The approach you take will depend on two factors:
For some assignments you may be given a reading list but you may need to research beyond this and sometimes you may need to research from scratch. This guide gives an overview of how to find different types of information, both in Oxford University libraries and beyond. You are unlikely to need to use all of them! It is not an in depth guide to individual subjects, and does not go into details of how to use every resource. It is intended to give you some pointers to getting started, and also includes some general tips for effective searching.
SOLO is the catalogue for most Oxford University libraries. For more information on using SOLO, please see How do I search the catalogue? SOLO searches will find both print and e-books. For more information on searching for e-books, please see How do I find and use e-books? Here are some tips for subject-searching for books on SOLO:
Copac is the merged online catalogue of many of the academic, specialist and national libraries of the UK and Ireland. It is freely available from any internet connection. Copac is therefore very useful for carrying out a thorough literature search. Note that Copac will not give you access to the full text of items, but will help you to identify references to follow up or request through inter library loan.
WorldCat - Copac on a global scale! WorldCat includes records of all materials catalogued by OCLC libraries, which include many academic and research libraries worldwide.
You can use SOLO to search for journals by title to check which libraries hold print runs, or to access an electronic journal by title.
You can use SOLO to find journal articles. To do this, click on the Journal Articles tab at the top of the SOLO screen and enter your search. You can use all the usual SOLO features for entering your search, refining the results and saving items of interest to your e-Shelf. You can also choose to view only online articles from your search results, or only articles from peer-reviewed journals.
Using the SOLO journal article search is a quick and easy way to find some useful information. However, if you need to conduct a comprehensive literature search or a systematic review, you need to use a bibliographic database. Bibliographic databases act as a subject index to journal articles and will sometimes include book chapters, reviews, conference papers etc as well. Most bibliographic databases are linked to Oxford University holdings, so you will be able to access the full text if the article is available electronically, or find out where it is held if it is print only.
If you know the name of the database you wish to use, you can enter it in the SOLO search box. If you wish to see what is available for your subject, go to OxLIP+ - there is a link at the top of the SOLO screen. To find bibliographic databases:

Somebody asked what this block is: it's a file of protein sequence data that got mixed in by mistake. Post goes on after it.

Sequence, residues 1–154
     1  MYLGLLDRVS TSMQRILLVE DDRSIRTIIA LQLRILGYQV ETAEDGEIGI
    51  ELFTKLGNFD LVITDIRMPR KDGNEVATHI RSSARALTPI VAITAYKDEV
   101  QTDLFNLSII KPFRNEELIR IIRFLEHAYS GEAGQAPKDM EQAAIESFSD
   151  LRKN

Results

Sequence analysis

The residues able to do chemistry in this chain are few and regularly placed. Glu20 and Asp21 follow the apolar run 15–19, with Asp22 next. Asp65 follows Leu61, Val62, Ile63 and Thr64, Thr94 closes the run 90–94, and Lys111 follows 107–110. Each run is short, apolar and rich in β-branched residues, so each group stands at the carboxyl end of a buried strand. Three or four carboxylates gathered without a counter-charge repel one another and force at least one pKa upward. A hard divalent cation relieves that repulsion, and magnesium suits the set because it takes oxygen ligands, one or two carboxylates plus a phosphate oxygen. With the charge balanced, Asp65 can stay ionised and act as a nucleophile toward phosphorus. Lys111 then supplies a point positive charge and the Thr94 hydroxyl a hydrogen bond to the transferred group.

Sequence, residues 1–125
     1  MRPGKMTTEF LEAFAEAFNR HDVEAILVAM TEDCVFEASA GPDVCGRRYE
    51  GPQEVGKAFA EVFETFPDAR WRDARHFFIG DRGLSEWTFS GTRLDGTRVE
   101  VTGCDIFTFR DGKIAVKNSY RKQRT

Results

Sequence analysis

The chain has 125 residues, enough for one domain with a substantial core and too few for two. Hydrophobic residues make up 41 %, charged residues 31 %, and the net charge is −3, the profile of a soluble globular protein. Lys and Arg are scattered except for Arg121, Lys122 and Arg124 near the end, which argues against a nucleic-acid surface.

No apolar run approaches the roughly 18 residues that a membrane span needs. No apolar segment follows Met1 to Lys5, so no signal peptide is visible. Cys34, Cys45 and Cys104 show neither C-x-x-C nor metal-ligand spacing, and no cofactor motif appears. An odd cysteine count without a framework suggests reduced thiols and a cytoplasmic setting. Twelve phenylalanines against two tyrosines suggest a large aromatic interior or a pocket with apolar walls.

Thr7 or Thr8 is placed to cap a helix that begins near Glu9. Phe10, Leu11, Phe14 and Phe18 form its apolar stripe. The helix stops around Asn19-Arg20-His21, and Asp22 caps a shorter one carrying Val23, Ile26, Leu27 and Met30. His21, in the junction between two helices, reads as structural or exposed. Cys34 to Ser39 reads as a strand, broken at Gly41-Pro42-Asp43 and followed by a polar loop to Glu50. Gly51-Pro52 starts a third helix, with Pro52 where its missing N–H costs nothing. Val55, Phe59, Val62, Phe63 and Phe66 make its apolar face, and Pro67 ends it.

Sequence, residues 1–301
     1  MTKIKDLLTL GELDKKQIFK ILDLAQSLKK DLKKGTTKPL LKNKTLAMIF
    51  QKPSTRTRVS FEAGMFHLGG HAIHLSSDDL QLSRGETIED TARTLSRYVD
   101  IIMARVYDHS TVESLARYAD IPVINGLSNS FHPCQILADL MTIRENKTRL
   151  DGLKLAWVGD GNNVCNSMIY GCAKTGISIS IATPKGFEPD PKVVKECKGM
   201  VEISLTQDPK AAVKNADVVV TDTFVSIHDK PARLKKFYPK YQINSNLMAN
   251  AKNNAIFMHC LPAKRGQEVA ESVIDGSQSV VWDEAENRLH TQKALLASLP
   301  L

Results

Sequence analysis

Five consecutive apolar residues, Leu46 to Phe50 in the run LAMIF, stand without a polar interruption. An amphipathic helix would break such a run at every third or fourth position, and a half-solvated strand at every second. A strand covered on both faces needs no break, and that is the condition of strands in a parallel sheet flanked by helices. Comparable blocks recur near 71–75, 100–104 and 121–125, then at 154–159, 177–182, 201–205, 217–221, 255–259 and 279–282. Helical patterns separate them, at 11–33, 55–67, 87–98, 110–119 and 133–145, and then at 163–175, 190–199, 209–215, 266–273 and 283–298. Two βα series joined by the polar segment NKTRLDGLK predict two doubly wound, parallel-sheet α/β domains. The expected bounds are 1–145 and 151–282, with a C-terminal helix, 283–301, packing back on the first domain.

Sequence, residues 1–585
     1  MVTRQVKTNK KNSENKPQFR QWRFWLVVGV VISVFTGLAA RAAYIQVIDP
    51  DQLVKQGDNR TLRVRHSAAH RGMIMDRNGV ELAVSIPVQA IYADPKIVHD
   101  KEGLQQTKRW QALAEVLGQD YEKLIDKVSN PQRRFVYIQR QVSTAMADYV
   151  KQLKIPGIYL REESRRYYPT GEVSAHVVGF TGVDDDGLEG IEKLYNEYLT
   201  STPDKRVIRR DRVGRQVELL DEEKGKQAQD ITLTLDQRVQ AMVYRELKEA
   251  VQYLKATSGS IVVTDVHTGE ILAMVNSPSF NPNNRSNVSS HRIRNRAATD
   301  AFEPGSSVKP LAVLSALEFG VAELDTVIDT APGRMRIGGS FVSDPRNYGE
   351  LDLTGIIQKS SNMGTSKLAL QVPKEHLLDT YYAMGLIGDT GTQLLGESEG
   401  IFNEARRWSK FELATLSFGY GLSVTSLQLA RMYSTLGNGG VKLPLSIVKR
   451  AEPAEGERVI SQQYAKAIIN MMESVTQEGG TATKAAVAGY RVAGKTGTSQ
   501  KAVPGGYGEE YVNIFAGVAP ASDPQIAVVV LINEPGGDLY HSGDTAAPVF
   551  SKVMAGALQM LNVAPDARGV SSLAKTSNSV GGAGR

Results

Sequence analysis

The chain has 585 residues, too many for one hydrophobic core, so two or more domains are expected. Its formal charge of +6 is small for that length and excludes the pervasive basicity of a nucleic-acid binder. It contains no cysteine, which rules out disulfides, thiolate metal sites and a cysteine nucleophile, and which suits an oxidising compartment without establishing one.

Many people are aware of JSTOR and use it for searching for journal articles. JSTOR is a very valuable resource, but you need to understand what it is:
As long as you are aware of these limitations, you will find JSTOR a useful tool which is fairly easy to use. However, depending on the nature of your research, you may need to use other bibliographic databases to find recent articles or to search titles not included on JSTOR
If you enter search terms into Google, you will of course retrieve all sorts of information, not just journal articles
A better option is to use Google Scholar. You can access electronic journals subscribed to by Oxford University via Google Scholar, see How do I use Google Scholar to link to Oxford collections?. If you decide to use Google Scholar, remember:
Google Scholar is not a good tool for a comprehensive literature search but can be helpful for finding some useful articles
As an alternative to Google Scholar, consider using the SOLO journal article search described above. This gives you better searching facilities and allows you to save and re-run search results.
Using conference papers and proceedings can be a useful way of finding cutting edge information on a topic. To find published conference proceedings on SOLO, enter keywords from the title of the conference if you know it. If you are not trying to find the proceedings of a specific event, enter conference as one of your search terms, eg conference climate change
Many bibliographic databases - see Finding journal articles (printed and electronic) - will also also include conference papers - check information about the database. There are also specific databases for finding conference papers and proceedings - try the following, all available on OxLIP+:
Other sources worth trying include:
A comprehensive guide is available for finding theses. It covers: